Fish Out of Water: A Metrosexual's Lament
Last week, my story teaser implied that this week I might reveal the secrets to finding love in Denver. The truth is, two-plus years after arriving here from California, I'm still seeking that first enduring connection. Seriously ladies, what gives? In this allegedly stellar dating city--where cougars and snow bunnies supposedly run wild--so far my schtick just ain't flying. Part of it might be the unusual circumstances of my arrival. Unlike so many transplants, I came to Colorado for a job, not because I yearned to sprint up or ski down the sides of fourteeners. Yes, the mountains are gorgeous and inspiring, but I'm a city guy at heart, with hair products, leather jackets, and too many shoes to count. When I lived on the West Coast, I met a lot of women. A. Lot. Of. Women. Here, I'm just some urban nancyboy who doesn't speak mogul. A theory: Despite all the demographic research that suggests Denver is singles heaven, our lovely landscape so dominates the culture that it actually makes dating more difficult.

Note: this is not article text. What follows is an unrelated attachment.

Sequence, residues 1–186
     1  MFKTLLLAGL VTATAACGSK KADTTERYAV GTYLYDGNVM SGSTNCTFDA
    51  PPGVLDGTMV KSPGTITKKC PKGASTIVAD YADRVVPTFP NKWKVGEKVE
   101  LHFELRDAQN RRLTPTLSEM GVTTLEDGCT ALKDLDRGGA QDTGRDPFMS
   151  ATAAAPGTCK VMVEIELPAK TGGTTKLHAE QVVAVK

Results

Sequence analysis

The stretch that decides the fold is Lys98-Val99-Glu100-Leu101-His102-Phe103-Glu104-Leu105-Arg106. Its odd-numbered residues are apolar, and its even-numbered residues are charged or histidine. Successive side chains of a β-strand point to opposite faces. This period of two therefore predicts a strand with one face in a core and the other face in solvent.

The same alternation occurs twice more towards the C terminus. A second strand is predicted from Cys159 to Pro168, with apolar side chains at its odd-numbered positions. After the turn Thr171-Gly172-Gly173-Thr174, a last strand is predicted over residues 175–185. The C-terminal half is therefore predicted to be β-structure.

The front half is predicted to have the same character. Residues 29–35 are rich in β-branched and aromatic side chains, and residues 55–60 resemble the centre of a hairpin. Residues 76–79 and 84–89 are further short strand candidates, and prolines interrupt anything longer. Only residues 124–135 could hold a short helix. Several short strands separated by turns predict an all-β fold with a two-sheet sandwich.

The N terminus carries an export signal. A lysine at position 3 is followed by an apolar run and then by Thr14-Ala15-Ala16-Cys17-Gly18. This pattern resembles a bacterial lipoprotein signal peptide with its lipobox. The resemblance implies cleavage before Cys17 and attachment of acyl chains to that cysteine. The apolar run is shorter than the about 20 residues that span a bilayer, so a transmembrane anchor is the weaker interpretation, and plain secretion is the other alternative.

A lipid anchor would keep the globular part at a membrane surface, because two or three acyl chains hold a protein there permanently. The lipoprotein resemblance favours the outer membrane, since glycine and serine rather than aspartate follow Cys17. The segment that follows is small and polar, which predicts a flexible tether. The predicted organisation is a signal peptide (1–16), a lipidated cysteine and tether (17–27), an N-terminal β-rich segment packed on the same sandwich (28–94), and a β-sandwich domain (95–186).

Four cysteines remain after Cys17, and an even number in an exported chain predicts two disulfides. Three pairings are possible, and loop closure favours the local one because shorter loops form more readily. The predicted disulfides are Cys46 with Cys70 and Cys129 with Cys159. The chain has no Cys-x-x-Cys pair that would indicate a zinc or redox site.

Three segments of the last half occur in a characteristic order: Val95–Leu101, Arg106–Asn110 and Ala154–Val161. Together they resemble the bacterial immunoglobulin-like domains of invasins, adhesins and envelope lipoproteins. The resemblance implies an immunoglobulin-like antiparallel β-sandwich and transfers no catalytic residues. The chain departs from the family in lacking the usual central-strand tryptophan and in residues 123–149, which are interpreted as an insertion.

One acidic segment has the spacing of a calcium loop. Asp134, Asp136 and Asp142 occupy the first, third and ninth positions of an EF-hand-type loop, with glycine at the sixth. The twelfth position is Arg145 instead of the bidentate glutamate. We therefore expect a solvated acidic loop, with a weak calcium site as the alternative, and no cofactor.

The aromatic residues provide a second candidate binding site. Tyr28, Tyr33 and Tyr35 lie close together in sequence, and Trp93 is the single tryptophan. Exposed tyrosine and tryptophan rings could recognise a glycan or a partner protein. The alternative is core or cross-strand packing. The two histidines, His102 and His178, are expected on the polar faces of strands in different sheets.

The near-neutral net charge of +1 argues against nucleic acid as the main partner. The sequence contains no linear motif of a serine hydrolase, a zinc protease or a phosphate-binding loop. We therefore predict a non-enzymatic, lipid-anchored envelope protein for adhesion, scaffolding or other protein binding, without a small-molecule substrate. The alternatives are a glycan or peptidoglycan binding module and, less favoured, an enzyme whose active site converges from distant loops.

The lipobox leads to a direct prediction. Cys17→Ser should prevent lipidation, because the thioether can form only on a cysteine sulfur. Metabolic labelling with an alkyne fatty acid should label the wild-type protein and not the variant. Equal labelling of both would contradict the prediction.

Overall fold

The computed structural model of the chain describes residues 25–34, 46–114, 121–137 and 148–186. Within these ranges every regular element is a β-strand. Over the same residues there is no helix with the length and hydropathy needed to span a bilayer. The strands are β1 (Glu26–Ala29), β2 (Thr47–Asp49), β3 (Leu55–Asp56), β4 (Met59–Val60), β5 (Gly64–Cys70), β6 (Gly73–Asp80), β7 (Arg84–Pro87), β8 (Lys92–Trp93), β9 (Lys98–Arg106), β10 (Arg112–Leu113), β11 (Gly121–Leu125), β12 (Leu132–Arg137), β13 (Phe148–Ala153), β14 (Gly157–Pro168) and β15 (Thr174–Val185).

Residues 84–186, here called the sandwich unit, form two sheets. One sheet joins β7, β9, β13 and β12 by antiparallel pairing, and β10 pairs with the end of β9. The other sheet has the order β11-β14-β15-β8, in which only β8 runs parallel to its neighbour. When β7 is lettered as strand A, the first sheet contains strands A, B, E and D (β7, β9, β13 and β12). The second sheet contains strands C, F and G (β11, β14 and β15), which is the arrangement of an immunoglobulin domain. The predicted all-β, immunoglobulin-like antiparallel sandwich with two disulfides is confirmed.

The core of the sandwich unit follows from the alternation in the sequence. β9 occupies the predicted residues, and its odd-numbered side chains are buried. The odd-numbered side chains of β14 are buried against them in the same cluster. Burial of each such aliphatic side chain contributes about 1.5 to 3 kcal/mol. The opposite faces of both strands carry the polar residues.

Think about it. Most folks head for the hills with groups of friends, but skiing and boarding are solo endeavors. If half-pipes and powder days (and subsequent nocturnal hookups) are more interesting to you than really connecting with someone, you're probably not a great date, let alone the true-love type. Such youthful proclivities are common everywhere (I'm 42). Unfortunately, along the Front Range this Patricia and Peter Pan-ism seems to last indefinitely. I've shared war stories with numerous women who bemoan Denver guys' refusal to pick up a check or hold a door, and I've run across plenty of babes who are just as cocky, elusive, and snow-focused as the dudes. For too many Denverites, the ubiquitous local hipster uniform--shaggy hair, meticulously rumpled layers of mountain logowear, and beat-up Merrells--isn't just for twentysomethings anymore. Hey, I'd love to dress like that, but I'm a grown-up with a job. The oft-suggested "get involved" track seems too contrived, as does buying a dog in this canine-crazy town. I've always feared that joining some club, or volunteering, or getting a pooch, with a focus on getting laid rather than actually helping someone, might set me up for some hideous karmic retribution, like an inoperable tumor or a house in the suburbs. Merrily (sic) I press on. I have little choice but to keep my eyes peeled everywhere--at online dating sites or local haunts, and along city streets--trying to find someone less obsessed with mountain living and maybe just a little more down to earth. And unintimidated by all my cool shoes. 5280 senior editor Luc Hatlestad will blog again about his Denver dating experiences next Tuesday. Up next: An e-dating revelation.
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